Created in 1872 and recognised as the world’s first national park, the US government forced Native Americans who lived in the area to resettle outside the park boundaries with the aim of obliging to 19th-century regulations of wilderness protection. Other countries who establish park systems today must consider the livelihoods of local populations.

In the past, China’s resettlement programs, which cleared land for large infrastructure projects like the Three Gorge Dam, left many farmers in new homes without adequate agricultural fields or access to other livelihoods.

However, in the case of developing national parks, the government is distributing conservation-related jobs to people living in or around the Sanjiangyuan National Nature Reserve. Locals can therefore stay and work on their land through the “One Family, One Ranger” program, which hires one person per family for 1 800 yuan (US$259) a month to collect trash, monitor for poaching and other duties.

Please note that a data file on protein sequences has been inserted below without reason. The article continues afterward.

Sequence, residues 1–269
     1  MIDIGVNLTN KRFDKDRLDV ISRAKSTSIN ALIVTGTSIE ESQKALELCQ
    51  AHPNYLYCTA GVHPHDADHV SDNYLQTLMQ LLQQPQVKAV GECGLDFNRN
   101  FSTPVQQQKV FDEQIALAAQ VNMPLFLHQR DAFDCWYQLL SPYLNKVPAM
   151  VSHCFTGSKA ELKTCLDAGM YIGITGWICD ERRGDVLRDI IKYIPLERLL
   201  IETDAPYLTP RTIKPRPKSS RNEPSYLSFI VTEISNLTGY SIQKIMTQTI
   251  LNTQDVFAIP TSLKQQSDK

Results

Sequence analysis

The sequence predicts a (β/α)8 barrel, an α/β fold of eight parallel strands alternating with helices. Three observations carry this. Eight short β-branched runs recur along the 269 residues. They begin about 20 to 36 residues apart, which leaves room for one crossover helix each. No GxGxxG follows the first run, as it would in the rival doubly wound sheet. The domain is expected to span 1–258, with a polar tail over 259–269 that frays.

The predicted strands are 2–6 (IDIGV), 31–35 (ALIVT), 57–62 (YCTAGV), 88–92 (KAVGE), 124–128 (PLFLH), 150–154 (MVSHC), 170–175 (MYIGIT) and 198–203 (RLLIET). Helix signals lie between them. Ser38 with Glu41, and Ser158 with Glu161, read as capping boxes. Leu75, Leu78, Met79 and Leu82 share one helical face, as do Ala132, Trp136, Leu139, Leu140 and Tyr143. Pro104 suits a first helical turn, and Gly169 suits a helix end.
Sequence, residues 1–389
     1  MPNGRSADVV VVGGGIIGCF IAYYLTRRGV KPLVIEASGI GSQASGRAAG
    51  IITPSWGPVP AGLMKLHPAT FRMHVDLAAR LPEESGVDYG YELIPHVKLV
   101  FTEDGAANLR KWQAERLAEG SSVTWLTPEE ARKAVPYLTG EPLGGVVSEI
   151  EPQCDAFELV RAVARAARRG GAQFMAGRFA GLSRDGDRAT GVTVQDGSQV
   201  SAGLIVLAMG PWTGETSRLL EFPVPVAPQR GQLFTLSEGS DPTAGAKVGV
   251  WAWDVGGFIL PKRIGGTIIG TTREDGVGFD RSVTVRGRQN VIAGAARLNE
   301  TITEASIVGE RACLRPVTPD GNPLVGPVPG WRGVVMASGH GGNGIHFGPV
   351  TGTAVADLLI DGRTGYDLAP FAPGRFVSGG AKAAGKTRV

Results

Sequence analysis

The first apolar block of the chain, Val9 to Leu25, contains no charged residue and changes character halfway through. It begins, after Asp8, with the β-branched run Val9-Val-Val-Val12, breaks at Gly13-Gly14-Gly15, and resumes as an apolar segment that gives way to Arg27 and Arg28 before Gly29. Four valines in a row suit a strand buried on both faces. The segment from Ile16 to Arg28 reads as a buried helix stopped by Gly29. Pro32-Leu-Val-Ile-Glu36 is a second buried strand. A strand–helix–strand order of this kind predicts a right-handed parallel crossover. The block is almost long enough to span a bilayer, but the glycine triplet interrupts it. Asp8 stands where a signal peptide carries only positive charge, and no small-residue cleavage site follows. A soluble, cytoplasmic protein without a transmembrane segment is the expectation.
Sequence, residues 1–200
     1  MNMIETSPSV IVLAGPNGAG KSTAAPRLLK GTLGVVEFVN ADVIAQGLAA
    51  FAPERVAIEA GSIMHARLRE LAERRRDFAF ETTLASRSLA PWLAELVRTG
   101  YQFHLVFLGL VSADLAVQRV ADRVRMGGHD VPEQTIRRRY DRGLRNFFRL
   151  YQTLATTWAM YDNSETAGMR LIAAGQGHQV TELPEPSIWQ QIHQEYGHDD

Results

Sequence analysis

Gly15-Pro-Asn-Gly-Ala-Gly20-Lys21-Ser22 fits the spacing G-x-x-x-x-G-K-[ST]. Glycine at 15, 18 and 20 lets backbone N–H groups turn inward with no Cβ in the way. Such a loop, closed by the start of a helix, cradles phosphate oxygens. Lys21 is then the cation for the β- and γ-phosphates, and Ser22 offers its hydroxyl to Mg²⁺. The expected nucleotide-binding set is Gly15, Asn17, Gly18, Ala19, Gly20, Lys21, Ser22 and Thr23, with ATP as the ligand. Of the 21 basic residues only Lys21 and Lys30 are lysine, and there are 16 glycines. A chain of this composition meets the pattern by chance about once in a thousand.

Biodiversity and Landscape Usage

A recent “national ecosystems assessment” examined China’s land changes between 2000 and 2010 with the help of 20 000 satellite images and 100 000 field surveys. Ouyang Zhiyun, deputy director at the Chinese Academy of Science’s Research Centre for Eco-Environmental Sciences and leader of the assessment, is currently referencing the work to map priority areas for conservation and advise park planners accordingly, with a focus on endangered species’ habitats that are endemic to China.

China’s 13th Five Year Plan

The environment and sustainability considerations have been previously stressed in China’s 12th Five Year Plan. Improvements, however, in efforts to achieve a greener society and economy is further expressed in the 13th Five Year Plan, that includes adjustments to previous ambitions, and added targets and goals to accelerate green goals.